Hall of Fame

alison-townley
Alison Townley
Crew

Graduation Year

1987

Induction Year

2003

Hall of Fame

Harvard Athletic Achievements

Alison won the Radcliffe College Alumnae Association Award in 1987. A four-year All-Ivy selection, she was also a member of the U.S. National Women's Rowing Team. She led the Crimson varsity eight to the EAWRC Sprint Championships and finishes in the top three in the National Championship Regatta in both 1986 and 1987. That 1987 championship season was an unprecedented, undefeated regular season for the Crimson, where the team also earned the Ivy title. That marked the first time in 12 years that Radcliffe was both the EAWRC title and the Ivy Championship. Alison's varsity eight dominated the 18 school league, winning races by substantial margins. She was highly instrumental in litterally launching Radcliffe Crew into a decade of being the front-runner in the sport.

Hall of Fame

Remembering Harvard Athletics

Does your mother know you do this?

After the 1988 Olympics in Seoul Korea a group of us from the rowing team had a week of vacation in Maui. On about the third day of R&R the power of habit overcame us and Anna Seaton Huntington ’86 and I found ourselves one morning taking turns doing 10 minute pieces on the an old erg (rowing machine) in the tiny gym in our Maui condo. Half way through our workout, a woman in her mid forties approached us and asked in a slow Texas drawl, “may I ask why you two are working out so hard?”

It wasn’t a bad question considering the Olympics were over, but it still caught us off guard. Our response, “we always workout this hard”.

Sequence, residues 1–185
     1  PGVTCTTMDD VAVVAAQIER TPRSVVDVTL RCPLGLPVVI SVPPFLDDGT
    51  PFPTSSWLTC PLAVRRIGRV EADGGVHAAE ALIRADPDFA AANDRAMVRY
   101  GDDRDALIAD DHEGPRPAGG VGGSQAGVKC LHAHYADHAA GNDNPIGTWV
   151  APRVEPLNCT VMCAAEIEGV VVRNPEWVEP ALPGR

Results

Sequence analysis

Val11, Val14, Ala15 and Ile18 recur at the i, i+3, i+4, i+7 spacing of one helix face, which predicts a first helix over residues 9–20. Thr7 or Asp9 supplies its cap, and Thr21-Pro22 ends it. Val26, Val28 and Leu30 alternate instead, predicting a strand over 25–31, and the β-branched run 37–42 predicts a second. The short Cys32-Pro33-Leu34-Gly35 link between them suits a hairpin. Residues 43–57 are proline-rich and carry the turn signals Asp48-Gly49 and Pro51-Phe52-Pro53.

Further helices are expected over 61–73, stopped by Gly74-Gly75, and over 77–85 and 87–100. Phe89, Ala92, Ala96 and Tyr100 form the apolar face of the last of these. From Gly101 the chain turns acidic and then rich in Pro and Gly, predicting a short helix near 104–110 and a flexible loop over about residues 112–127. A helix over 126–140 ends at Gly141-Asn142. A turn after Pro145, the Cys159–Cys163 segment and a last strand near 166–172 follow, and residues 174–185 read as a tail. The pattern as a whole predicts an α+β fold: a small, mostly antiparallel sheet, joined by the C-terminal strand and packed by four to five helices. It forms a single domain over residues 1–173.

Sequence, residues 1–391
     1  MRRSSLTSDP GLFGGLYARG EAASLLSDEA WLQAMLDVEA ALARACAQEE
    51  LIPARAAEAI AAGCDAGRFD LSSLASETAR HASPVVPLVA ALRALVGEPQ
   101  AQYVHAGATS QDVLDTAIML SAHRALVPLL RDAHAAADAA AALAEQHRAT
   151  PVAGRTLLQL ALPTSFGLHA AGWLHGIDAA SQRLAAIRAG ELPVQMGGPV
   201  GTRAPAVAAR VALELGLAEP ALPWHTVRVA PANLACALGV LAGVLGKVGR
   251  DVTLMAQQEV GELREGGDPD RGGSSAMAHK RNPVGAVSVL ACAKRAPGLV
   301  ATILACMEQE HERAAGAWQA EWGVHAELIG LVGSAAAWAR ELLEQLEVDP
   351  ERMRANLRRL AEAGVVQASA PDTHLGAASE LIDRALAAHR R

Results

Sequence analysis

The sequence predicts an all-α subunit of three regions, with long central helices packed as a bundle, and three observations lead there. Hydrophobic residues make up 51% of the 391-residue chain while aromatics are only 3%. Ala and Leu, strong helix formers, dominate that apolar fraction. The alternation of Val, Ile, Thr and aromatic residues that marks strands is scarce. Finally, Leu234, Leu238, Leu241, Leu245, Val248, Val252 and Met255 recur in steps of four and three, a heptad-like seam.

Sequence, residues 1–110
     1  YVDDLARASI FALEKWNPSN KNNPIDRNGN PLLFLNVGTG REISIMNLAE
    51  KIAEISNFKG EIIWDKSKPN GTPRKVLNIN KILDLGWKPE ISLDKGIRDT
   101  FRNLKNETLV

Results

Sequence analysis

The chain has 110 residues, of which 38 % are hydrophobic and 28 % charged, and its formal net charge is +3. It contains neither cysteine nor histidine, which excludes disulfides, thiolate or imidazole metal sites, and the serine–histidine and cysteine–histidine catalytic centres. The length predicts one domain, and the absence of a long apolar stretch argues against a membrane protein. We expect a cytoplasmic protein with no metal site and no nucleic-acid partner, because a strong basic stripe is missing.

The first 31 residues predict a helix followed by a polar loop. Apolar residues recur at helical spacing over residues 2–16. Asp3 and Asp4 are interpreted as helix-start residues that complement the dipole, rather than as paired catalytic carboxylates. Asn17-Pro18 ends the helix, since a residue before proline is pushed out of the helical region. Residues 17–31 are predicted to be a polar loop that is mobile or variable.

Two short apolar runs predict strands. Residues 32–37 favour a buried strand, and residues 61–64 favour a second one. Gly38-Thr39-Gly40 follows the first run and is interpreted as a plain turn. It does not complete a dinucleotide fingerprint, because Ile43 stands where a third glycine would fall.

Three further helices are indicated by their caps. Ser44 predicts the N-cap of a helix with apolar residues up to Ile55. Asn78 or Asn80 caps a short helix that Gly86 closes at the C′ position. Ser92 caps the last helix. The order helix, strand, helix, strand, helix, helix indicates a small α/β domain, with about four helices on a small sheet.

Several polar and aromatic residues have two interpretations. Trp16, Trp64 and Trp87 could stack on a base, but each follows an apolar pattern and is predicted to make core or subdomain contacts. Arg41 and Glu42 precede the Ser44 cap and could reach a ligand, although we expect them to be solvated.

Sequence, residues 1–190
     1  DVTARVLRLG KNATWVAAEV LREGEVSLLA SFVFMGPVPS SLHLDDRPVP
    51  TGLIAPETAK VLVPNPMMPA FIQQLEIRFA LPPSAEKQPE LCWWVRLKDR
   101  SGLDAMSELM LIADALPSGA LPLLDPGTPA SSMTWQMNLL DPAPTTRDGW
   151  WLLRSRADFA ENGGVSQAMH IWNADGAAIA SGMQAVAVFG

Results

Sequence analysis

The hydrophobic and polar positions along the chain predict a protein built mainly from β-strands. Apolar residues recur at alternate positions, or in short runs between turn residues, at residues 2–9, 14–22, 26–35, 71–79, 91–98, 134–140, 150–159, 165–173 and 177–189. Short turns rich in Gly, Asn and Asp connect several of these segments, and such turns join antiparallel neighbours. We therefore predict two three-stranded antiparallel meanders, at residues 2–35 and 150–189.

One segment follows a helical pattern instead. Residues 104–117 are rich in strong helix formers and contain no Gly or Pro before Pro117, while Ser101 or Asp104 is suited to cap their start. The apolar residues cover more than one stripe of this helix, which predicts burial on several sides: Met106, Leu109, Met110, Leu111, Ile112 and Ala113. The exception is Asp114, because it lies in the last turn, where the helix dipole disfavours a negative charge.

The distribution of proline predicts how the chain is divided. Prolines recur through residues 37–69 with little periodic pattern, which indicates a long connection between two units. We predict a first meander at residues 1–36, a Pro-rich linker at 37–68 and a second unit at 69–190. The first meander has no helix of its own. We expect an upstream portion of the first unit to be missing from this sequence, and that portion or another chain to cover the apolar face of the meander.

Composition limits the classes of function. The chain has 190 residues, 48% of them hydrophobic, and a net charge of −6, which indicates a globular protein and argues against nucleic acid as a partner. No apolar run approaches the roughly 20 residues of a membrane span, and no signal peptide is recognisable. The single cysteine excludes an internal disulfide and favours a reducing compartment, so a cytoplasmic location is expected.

When it was clear that that really didn’t kill her curiosity I added, “we just returned from the Olympics and we always train this hard.”
To that she replied, “what sport?”
“Rowing,” we said in unison.
“Rowing” she said with wide eyed surprise, “ I didn’t know they let girls do that!”
I wanted to say you’d be amazed at what they let girls do these days. But instead I smiled and shook my head “yes”. Then, with a slight tilt of her head she asked, “ does your mother know you do this?”

Does my mother know I do this? It was asked in the same way that someone would ask "does your mother know you do heroine?"

This was 15 years ago, about 10 years after Title IX was passed into law. But Harvard was one of the few schools that took the meaning of the law seriously and provided equal opportunity to women in sports. Typical of Harvard, the question was not can we play, but will we win!

I accept this award with deep humility knowing that there are so many great rowers from Harvard and Radcliffe who could have easily taken my place here today.

With a heavy heart, I accept this award in honor of my father, Preston “Pete” Townley ’60, who died way too young. He was my greatest fan and one of Harvard’s greatest fans. His presidency of the HAA was an example of his devotion and respect for Harvard and I believe that he would have been more proud of this award than the Olympics or any of my other accomplishments. Sadly, this award will join my children, his grandchildren, Phoebe Helen and Patrick Henry Fechtmeyer as leading the list of things he would have been deeply proud of and yet missed.

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